WORLD European nations ramp up responses to contain COVID-19 as WHO calls for unity

WORLD

European nations ramp up responses to contain COVID-19 as WHO calls for unity

Xinhua

09:19, March 27, 2020

Roofs of buildings are covered with snow in Bologna, Italy, on March 26, 2020. (Photo by Gianni Schicchi/Xinhua)

BRUSSELS/GENEVA, March 26 (Xinhua) -- European nations on Thursday brought in more tough measures to curb the contagion as COVID-19 continues its advance in the continent.

Meanwhile, the World Health Organization (WHO) urged all countries to unite against the pandemic, warning that "millions could die" without aggressive action.

SURGING NUMBERS

Italy is one of the nations bearing the brunt of COVID-19 in Europe. It has seen the total number of infections rise to 80,539, according to the latest count released by the Civil Protection Department on Thursday. The death toll there has increased to 8,165.

In neighboring France, the virus claimed 365 lives in 24 hours, bringing the total fatalities to 1,696 while the number of confirmed cases jumped to 29,155.

Jerome Salomon, Director General of Health, noted however that currently the number of deaths only takes into account those who passed away in hospital. Deaths in retirement homes and at home will be available soon, which is likely to result in a big increase in fatalities.

On the same day across the English Channel, Britain reported the single-day deaths of more than 100 for the first time since the outbreak of the disease, taking the tally to 578. Confirmed cases in the country has risen to 11,658.

To date, Spain and Germany have seen the number of confirmed cases up to 56,188 and 36,508 respectively. The total death toll in Spain exceeded 4,000.

These figures came at a time when WHO Director-General Tedros Adhanom Ghebreyesus warned at the G20 Extraordinary Leaders' Summit on COVID-19 held via video link on Thursday: "Almost half a million people have already been infected, and more than 20,000 have lost their lives. The pandemic is accelerating at an exponential rate."

A healthcare worker takes a sample from a driver to test for possible COVID-19 infection at a drive-through test station in Iserlohn, Germany, on March 26, 2020. (Photo by Joachim Bywaletz/Xinhua)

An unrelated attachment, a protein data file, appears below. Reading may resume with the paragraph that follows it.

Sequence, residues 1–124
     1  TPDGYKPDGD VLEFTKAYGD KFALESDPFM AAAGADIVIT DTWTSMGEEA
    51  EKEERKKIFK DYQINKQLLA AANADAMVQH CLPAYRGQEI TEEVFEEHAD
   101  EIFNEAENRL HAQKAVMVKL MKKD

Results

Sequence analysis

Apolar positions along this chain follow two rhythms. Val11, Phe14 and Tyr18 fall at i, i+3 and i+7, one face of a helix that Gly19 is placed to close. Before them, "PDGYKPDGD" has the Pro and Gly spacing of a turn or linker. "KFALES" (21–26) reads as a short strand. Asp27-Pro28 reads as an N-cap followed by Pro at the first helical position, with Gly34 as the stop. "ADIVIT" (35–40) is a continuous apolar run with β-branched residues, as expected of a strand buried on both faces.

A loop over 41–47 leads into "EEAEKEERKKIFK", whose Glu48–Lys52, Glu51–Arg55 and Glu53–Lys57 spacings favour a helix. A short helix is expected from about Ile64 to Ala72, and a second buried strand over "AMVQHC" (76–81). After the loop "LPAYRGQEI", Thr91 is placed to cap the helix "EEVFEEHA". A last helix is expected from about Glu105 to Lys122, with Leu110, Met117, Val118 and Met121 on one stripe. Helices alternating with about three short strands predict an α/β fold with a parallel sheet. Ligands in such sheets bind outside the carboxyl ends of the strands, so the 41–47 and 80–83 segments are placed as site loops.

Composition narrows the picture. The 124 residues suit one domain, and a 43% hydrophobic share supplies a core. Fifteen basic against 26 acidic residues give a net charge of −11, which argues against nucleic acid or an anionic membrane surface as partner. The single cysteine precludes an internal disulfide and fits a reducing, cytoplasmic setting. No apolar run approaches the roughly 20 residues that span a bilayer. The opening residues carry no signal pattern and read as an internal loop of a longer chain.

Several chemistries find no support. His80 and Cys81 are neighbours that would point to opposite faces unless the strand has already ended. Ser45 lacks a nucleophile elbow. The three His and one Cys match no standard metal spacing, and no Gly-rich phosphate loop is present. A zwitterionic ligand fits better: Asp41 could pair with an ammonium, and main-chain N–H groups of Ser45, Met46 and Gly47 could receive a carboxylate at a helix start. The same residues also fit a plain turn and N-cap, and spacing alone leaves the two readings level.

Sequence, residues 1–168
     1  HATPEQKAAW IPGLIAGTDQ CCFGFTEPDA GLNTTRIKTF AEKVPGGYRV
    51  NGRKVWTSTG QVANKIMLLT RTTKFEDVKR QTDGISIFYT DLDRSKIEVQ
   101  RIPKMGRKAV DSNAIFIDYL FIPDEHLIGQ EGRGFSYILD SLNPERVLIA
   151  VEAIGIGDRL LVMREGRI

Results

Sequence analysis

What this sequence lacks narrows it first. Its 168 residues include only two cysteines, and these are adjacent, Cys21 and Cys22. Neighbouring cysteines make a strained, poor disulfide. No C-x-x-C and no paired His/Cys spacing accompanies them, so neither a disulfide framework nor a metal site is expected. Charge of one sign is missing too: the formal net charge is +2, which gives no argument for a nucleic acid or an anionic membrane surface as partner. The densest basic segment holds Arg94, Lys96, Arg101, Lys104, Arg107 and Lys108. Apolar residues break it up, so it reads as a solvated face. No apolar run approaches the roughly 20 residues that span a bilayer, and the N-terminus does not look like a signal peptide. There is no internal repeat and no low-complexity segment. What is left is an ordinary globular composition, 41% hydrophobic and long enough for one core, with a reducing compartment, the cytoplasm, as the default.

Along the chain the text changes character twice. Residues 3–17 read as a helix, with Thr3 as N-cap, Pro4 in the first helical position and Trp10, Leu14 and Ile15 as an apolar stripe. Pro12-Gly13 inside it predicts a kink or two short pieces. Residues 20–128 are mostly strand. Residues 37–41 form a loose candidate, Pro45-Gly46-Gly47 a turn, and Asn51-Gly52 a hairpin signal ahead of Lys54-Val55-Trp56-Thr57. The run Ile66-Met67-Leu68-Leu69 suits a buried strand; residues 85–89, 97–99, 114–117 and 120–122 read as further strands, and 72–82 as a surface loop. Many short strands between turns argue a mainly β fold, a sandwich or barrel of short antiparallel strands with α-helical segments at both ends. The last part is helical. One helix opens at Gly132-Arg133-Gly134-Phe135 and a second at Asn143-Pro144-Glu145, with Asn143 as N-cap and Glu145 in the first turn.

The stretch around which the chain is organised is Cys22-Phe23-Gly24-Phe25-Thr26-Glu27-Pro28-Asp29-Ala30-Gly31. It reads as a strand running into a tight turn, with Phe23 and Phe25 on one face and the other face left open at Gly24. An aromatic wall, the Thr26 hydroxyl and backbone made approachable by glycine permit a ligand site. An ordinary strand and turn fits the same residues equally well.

APPEAL FOR SOLIDARITY

The WHO chief said, "Without aggressive action in all countries, millions could die. The full social, economic and political fallout, only time will tell."

He raised three requests to address the global crisis that demands a global response. The first is to fight. "Fight hard. Fight like hell. Fight like your lives depend on it -- because they do. The best and only way to protect life, livelihoods and economies is to stop the virus. No excuses. No regrets," the WHO chief noted.

"We must immediately build, expand, train and deploy health workers to find, test, isolate and treat every case and trace every contact," he added.

The second is to unite. "No country can solve this crisis alone. We're all in this together, and we will only get out of it together," he said, calling for global solidarity.

The third is to ignite. "Repurpose the industrial might of your nations for this effort. Ignite global production for the tools we need to save lives now. Ignite innovation for vaccines and therapeutics. And ignite a global movement to ensure this never happens again," he said.

TOUGH MEASURES

In the race against the virus, European countries have continued to upgrade their responses.

Italy's privacy regulator on Thursday okayed a temporary decree that will allow the government to use "digital contact tracing" to track the movements of people infected by the coronavirus or who may have come into contact with infected individuals.

In a statement from the Guarantor for the Protection of Personal Data (Garante per la Protezione dei Dati Peronali) -- Italy's privacy watchdog -- Antonello Soro, president of the regulator, said the measure "was not a question of suspending privacy rights [but rather] of providing effective tools to contain the outbreak while balancing respect for the rights of our citizens."

In Spain, the parliament has given its approval to Prime Minister Pedro Sanchez's request to extend the State of Alarm to April 12 from the original March 14.

A State of Alarm grants the government special powers to limit the movement of citizens, control the means of production, and use private assets as well as the military to carry out essential logistical and supply work if needed.

Meanwhile, Germany has set up a new research network to link university hospitals to fight COVID-19.

A total of 150 million euros (164 million U.S. dollars) were made available to finance the establishment of the network -- 100 million euros this year and an additional 50 million euros next year, according to Minister of Education and Research Anja Karliczek.

"This unique scientific project, this interaction of different forces will really take us a big step forward" in the research and treatment of COVID-19, said Karliczek.

In Britain, the National Health Service (NHS) is seeking thousands of extra staff among health workers recently retired, while a military field hospital with 4,000 beds is being installed in east London.

Prime Minister Boris Johnson said on Wednesday that 405,000 people had responded in just 24 hours to a call for volunteers to support the NHS and vulnerable people, significantly more than the 250,000 initially sought.

In Albania, which confirmed 174 cases, the government will convert the campus of a former private university in Tirana into a hospital for the treatment of patients infected with coronavirus. The temporary hospital will initially provide about 100 beds.

Prime Minister Edi Rama said that the new quarantine hospital must be ready to use within 30 days. (1 euro= 1.10 U.S. dollars)

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